65 Years Later, Local Vets Remember D-Day

OCEAN CITY – Sixty-five years ago tomorrow, on June 6, 1944, the invasion of Normandy on the northwest coast of France began. Code-named Operation Overlord, the mission included thousands of ships, aircraft and men in perhaps the largest invasion of its kind in history. Supreme Allied Commander General Dwight D. Eisenhower told the troops before they embarked on the invasion “you are about to embark upon a great crusade, toward which we’ve striven these many months.”

Many of those crusaders never made it off the beaches at Normandy with thousands killed in the first few hours and many more perished as the huge juggernaut pushed inland on its way to ending the war in Europe. Time has taken most of the survivors of that great crusade over the several decades that have passed since, but more than a few press on to share their memories with the generations that benefited from their heroic actions including a handful right here in Ocean City.

Tomorrow night, members of the American Legion Sinepuxent Post 166 in Ocean City will gather to commemorate the 65th anniversary of D-Day and the four active members who participated in the invasion will be honored and relate their memories of the tragic, but heroic day with their comrades. This week, a couple of D-Day heroes living in Ocean City shared their stories of the fateful day with The Dispatch.

John J. Sauer, Sr. was just 19 years old when he was drafted into the Army and attached to the Army Air Corps. Shortly after hitting the ground in England, he was re-assigned to the infantry, shipped to Dover on the English coast and re-trained in the skills he would likely need in the pending invasion of Normandy on the coast of France.

At around 4 a.m. on June 6, the call came to prepare for the invasion and Sauer and his mates loaded onto the landing craft bound for France. A few hours later, the landing craft ran aground on a sandbar and the crew on the vessel believed they had reached the beach and lowered the gate to unload the troops. What they didn’t know was that they had not reached the beach at all.

“We dropped the gate and all of the men, about 30 of us, plunged into water about 20 feet deep,” Sauer said this week. “With all of the gear and equipment, just about everyone sank to the bottom and perished before they ever set foot on the beach. When I went into the water, I realized we had fallen short of the beach and threw off my weapon and my heavy gear and plodded along the bottom until I reached the shore.”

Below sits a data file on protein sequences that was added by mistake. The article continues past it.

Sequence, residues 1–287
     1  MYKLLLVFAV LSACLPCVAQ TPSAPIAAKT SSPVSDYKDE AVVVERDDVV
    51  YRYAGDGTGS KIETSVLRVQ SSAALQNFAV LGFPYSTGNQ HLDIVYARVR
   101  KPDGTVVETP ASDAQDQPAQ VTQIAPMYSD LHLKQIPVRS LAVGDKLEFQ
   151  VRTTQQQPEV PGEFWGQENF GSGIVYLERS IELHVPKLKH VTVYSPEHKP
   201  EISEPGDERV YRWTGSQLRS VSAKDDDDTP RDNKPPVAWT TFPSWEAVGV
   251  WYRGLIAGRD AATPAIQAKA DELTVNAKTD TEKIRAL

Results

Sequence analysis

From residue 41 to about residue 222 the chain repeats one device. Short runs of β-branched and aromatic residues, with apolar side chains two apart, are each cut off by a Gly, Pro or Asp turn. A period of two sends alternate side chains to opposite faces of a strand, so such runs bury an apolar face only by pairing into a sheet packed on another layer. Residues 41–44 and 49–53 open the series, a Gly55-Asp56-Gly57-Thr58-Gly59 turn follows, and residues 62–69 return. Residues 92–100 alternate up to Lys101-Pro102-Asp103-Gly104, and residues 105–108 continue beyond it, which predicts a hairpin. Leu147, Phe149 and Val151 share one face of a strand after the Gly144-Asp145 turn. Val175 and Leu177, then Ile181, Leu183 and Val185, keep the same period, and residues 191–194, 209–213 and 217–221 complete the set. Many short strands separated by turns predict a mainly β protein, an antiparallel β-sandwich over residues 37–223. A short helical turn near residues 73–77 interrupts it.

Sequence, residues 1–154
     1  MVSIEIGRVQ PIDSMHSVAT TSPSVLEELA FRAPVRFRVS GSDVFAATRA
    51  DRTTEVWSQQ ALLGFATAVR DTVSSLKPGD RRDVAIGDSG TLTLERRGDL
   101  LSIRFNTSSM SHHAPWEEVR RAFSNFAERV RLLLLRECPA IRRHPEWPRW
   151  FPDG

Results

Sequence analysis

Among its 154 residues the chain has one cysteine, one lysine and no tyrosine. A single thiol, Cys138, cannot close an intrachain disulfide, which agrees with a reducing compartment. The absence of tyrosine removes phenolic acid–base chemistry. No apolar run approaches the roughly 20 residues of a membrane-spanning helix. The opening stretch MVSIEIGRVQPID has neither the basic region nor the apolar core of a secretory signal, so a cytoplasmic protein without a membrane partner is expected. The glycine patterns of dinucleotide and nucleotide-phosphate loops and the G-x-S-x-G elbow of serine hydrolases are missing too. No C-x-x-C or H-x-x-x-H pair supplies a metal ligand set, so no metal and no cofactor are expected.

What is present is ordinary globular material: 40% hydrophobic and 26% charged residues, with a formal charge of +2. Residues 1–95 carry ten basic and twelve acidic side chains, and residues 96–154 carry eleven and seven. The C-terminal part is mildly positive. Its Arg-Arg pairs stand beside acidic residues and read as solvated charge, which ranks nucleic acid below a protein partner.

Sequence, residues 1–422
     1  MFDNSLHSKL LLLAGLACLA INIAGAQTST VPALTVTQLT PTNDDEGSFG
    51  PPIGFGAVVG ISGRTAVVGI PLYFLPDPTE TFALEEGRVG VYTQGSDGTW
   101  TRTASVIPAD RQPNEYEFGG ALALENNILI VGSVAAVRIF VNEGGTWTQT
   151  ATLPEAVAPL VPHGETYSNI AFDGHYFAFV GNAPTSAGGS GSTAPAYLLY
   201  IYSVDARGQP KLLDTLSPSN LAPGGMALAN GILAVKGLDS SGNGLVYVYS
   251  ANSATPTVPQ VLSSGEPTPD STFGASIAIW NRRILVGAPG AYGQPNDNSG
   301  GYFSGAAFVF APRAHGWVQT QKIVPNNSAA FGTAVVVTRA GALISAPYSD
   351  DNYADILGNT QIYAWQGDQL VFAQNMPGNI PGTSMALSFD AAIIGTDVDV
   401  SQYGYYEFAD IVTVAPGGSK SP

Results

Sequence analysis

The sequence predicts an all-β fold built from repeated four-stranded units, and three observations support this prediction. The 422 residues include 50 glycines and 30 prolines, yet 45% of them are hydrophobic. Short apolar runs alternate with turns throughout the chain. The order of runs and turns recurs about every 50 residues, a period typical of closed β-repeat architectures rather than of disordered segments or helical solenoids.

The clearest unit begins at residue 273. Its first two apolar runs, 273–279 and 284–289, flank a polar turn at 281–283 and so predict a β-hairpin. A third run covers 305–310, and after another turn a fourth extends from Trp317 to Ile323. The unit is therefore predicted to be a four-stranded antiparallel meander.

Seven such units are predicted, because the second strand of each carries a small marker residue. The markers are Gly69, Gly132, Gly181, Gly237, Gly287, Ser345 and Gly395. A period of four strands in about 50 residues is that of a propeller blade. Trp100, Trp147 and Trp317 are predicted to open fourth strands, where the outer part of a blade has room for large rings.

Sauer said this week when he got to the shoreline, he heard a man crying for help. He reached the man and found out he was a war correspondent who had come ashore with the men armed only with a typewriter. The war correspondent said he could not swim, and Sauer helped him to a relatively safe place among all the confusion on the beach. He said this week the scene was one that has stuck with him his entire life.

“The water was red and there were dead and dying soldiers all over,” he said. “It was awful to talk about and it’s difficult still after all these years.”

Sauer said he started up the beach in an effort to connect with any of his outfit or any other outfit still engaged. A short time later, his day on Omaha Beach was over.

“I heard the whiz of an incoming shell and that’s the last thing I remember,” he said. “I had been hit in the head and the stomach with shrapnel from one of the German 88s. The next thing I knew, I woke up on a hospital ship.”

Sauer said about two days later, Ike himself came aboard the ship and awarded him the Purple Heart. About two weeks after that, another general came aboard the ship and awarded Sauer the Bronze Star for his heroics on the beach at Normandy that day.

His involvement in the D-Day invasion was only part of Sauer’s heroics in Europe in World War II. After recovering from his injuries, he was sent to Nuremburg in Germany to participate in the liberation of the concentration camp. Sauer said he knew when his outfit liberated the camp at Nuremburg the end of the war was near.